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Dining - Dining Reviews

Italian Lesson

Italian Lesson

La Posta attracts Seabright neighbors with unique Italian food
Like a foodie foreign language class, the servers at La Posta are kept busy explaining the menu which is riddled with less familiar Italian foodstuffs and regional specialties. Cavolo (cabbage), cacio (cheese), caprino (goat cheese), or farro (spelt) combine to make meals that you don't frequently find.

By 8 p.m. on a Friday night, the tables were all occupied by couples, groups and families. In the softly lit room, alive with conversation, a single tiny flame danced on each table like a firefly.

Being huge fans of bivalves we started with two dozen Mussels alla Triestina ($10), which is named for an Italian town. Large, creamy morsels of seafood were cooked with garlic, chilies, and a fresh bay leaf and topped with fine, crisp breadcrumbs. We soaked up the broth with dark, nutty homemade bread. We also enjoyed Asparagus al forno ($6) with thin spears roasted al dente and served with salty green and black olives.

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Dining - Dining Reviews

Witchy Women

Witchy Women

According to Bruce Aidells and Dennis Kelley in the book "Real Beer and Good Eats," beer was brewed by women as part of their kitchen responsibilities. It is said that the image of a witch stirring a bubbling cauldron came from this very activity as her trusty cat kept rodents away from the grain. In colonial America ale was drunk with every meal, and our forefathers, who considered the beverage liquid bread, declined to tax it.

Fast forward to 2010, when the women brewers at Santa Cruz Mountain Brewing invited other females to make an organic Belgian-style Wit beer, or "white beer." Owner Emily Thomas along with brewers Kelly Vaillancourt and Nicole Beatie were joined by two community members. The ladies used traditional ingredients coriander and orange peels, although theirs were from fresh blood oranges. Just 155 gallons were brewed.

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Dining - Dining Reviews

Mountain Mama

Mountain Mama

Mama Mia's large portions and colorful sauces give Feltonians a taste of Italy
In the heart of Felton, Mama Mia's has been serving hearty Italian fare for 14 years. The restaurant has been so successful that she now has three younger sisters in Santa Clara County.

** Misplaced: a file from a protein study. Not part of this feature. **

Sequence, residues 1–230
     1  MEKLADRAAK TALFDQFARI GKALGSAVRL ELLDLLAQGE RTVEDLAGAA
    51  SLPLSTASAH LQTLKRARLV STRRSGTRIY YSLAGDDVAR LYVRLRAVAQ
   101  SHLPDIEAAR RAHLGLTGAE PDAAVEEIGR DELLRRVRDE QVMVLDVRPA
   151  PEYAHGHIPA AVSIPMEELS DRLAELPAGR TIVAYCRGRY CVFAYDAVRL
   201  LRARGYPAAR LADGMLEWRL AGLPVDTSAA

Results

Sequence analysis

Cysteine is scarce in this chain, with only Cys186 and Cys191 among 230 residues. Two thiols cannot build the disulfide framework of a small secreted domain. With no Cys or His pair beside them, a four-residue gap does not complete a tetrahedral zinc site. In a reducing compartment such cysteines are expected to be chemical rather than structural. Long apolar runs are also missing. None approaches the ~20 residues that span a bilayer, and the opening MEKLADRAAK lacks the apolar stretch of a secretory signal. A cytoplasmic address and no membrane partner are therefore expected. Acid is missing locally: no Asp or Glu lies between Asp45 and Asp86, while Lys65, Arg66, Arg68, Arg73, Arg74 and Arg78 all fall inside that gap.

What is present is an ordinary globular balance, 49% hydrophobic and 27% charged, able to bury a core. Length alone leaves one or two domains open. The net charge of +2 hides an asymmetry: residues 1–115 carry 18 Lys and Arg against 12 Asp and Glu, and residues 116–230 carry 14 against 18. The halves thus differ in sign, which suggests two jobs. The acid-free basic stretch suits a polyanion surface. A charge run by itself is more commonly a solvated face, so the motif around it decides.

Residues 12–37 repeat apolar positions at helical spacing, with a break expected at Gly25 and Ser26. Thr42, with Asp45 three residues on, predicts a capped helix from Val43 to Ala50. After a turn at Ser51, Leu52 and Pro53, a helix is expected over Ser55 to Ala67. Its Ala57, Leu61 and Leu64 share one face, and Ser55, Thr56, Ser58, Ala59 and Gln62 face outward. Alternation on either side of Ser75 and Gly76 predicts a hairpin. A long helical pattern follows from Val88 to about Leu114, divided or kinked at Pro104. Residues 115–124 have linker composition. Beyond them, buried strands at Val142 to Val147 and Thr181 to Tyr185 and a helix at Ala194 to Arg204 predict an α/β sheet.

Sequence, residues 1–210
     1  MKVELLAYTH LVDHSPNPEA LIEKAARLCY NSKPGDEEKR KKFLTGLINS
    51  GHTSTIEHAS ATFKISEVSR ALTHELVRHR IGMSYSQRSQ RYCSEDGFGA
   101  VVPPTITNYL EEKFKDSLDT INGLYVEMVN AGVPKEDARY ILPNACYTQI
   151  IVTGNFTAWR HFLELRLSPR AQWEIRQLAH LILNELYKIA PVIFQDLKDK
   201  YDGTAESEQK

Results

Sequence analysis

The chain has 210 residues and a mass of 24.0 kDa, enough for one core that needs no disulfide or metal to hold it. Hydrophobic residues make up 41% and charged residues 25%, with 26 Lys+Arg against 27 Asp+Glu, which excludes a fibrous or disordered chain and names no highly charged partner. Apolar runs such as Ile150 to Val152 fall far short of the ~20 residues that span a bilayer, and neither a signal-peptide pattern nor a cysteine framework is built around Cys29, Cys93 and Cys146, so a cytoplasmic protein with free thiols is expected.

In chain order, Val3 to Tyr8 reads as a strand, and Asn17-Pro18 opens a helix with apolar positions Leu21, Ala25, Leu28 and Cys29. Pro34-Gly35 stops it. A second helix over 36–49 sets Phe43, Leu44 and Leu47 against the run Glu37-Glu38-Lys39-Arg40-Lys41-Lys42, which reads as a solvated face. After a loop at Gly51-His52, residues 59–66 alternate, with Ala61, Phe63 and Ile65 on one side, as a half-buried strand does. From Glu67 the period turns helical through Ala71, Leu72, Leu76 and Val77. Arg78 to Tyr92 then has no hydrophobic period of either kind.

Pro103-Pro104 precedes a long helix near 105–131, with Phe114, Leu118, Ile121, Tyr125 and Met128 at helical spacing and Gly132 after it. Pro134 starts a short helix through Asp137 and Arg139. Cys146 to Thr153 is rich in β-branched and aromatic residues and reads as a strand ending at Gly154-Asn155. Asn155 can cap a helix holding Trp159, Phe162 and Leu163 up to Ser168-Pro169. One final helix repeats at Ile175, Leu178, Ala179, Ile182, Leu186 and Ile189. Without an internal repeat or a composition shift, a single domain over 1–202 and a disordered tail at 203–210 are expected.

Eighteen pasta dishes include spaghetti with homemade meat sauce or marinara ($13.99) and homemade cannelloni and manicotti crêpes ($14.99). For entrées, veal or chicken parmigiana ($17.99) are breaded and baked, as is the rolled chicken breast saltimbocca. The scaloppine is made with eggplant ($13.99) and Osso Buco ($19.99) is served with lamb demi-glaze over risotto. They proclaim their pizzas to be the best in town. On our recent visit, bowls piled high with seafood cioppino were the nightly special ($24.95).

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Dining - Dining Reviews

Fast Forward

Fast Forward

When a new restaurant hangs up its shingle, a stream of happy goose bumps runs down my spine. Theoretically, I should allow a newcomer to get its feet firmly on the ground before writing about them, but my palate is just too impatient.

And so it was with Caffe Tazzina which opened in the space recently vacated by Black China Bakery on Soquel Avenue. At the helm is Katelin Brightman, previously of Black China, in partnership with Tim O'Connor. Caffe Tazzina is also a brand of coffee made locally by O'Connor at Pacific Espresso.

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Trending Now

Whether you live by the Vogue bible or choose to go into your day wearing what you slept in, odds are you wear clothes.

 

The Thought Form of Solution

It’s our last week of Leo before the sun enters Virgo (next Friday/Saturday). The planets this week make complex patterns and relationships (vibrational cadences and rhythms) with the outer planets, mainly Neptune—the planet that veils, obscures, protects and finally refines us. Neptune offers us entrance into a deeply spiritual sense of comfort and solace. Neptune is the personality ruler of Pisces (saviors of the world) and soul ruler of Cancer (world mother). “The fish goddesses who leapt from earth (Virgo) to water (Pisces) unitedly give birth to the Fish God (Christ, the Soul) who introduces the waters of life  (Neptune & Aquarius) into the ocean of substance (matter, mother bringing light to the world. Thus does Neptune work.” (Esoteric Astrology).

 

Final Cut

Cedar Street Video to close after 10 years at downtown location

 

Cultures Collide

No surprises, but lots to savor in foodie film ‘The Hundred-Foot Journey’